Cali port wins court battle, war not likely over

LOS ANGELES — The rules in place to clean up the air at the Port of Los Angeles, and govern the truckers who operate there, are perfectly legal, according to a federal judge.

According to a report by truckinginfo.com, last week a federal judge in California upheld the Port of Los Angeles’ concession program for drayage carriers, setting the stage for an appeal by the trucking industry.

Judge Christina A. Snyder of the U.S. District Court for the Central District of California found that the concession program is legal because the port is a private business, which makes it exempt from the law that says only the federal government has the authority to regulate trucking business operations.

While the American Trucking Associations is supportive of the port’s Clean Air program overall, there are a few aspects of the program the ATA contested. Last year, a panel of judges thought there was some merit to the ATA’s claims and put an injunction on some of the concessions in the program.

In the tentative ruling last year, Judge Snyder ordered an injunction against seven key concession requirements, including one of the main points of contention that would require all operators to be company drivers and would ban independent owner-operators from the Port of Los Angeles.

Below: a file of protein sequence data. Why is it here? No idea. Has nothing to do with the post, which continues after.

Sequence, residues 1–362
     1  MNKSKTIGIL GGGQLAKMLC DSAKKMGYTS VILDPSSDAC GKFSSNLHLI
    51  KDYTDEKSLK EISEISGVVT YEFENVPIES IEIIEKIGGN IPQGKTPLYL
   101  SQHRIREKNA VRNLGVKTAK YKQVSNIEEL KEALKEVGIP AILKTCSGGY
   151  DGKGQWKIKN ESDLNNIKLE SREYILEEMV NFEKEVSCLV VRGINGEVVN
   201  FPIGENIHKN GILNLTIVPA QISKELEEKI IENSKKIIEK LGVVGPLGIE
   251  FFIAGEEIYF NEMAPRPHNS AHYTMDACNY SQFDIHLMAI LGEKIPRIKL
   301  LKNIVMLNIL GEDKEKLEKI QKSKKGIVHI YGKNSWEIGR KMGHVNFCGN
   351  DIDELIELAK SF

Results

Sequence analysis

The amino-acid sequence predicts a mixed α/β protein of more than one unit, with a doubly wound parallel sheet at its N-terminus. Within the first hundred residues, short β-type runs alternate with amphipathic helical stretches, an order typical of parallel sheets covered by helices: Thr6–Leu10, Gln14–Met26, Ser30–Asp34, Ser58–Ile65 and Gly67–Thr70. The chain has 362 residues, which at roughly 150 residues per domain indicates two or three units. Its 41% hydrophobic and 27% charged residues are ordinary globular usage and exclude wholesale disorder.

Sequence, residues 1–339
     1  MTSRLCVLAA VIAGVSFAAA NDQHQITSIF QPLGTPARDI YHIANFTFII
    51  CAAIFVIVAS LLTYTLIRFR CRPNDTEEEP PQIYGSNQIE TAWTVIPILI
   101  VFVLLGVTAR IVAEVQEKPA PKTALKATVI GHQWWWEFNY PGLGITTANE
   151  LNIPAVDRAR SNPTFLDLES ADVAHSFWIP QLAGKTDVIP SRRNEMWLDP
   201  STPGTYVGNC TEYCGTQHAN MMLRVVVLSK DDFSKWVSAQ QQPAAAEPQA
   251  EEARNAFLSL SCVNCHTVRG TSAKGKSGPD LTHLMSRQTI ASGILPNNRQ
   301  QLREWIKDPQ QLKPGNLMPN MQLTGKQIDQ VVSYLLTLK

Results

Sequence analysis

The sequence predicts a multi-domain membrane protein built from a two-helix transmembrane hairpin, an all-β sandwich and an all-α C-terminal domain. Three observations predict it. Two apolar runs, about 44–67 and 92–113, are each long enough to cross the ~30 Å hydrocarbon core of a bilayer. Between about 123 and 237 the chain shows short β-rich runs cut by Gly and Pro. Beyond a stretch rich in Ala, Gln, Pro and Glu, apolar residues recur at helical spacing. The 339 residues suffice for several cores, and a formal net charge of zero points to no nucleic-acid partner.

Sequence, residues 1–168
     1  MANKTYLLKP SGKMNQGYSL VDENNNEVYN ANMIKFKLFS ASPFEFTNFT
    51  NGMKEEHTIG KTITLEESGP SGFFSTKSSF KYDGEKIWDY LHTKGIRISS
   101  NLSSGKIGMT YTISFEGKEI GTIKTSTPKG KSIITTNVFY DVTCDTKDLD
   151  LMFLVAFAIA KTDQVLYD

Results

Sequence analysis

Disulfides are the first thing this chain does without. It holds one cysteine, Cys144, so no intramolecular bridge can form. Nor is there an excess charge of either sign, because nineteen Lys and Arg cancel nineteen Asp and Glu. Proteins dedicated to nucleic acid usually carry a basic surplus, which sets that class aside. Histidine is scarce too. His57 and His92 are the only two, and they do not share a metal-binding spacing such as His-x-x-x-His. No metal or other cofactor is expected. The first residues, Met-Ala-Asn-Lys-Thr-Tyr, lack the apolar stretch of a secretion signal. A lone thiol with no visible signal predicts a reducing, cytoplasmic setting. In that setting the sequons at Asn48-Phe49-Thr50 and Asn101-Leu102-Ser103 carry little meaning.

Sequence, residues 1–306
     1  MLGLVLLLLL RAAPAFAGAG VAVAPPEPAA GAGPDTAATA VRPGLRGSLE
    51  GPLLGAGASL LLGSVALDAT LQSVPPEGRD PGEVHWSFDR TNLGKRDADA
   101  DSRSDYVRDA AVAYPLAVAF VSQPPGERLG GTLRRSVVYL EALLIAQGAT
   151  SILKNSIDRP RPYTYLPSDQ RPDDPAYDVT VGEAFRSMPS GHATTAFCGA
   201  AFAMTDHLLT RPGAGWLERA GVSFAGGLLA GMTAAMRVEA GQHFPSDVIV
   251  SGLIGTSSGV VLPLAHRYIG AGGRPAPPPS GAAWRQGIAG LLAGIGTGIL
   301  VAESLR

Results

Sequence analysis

The LA Port’s position is that owner-operators will not be able to afford modern engines that are necessary for the port to reach the Clean Port targets.

In this recent development, because the judge’s decision is a finding, rather than a ruling, the current injunction against the concession program remains in place, said Curtis Whalen, executive director of the Intermodal Motor Carriers Conference of the American Trucking Associations.

In the near future, Judge Snyder will issue a ruling based on her finding, and it’s possible she will keep the injunction in place in the expectation of an appeal by ATA, but Whalen expects she will lift it. At that point ATA will appeal either back to the District Court or to the U.S. Court of Appeals for the Ninth Circuit – most likely the latter, Whalen said.

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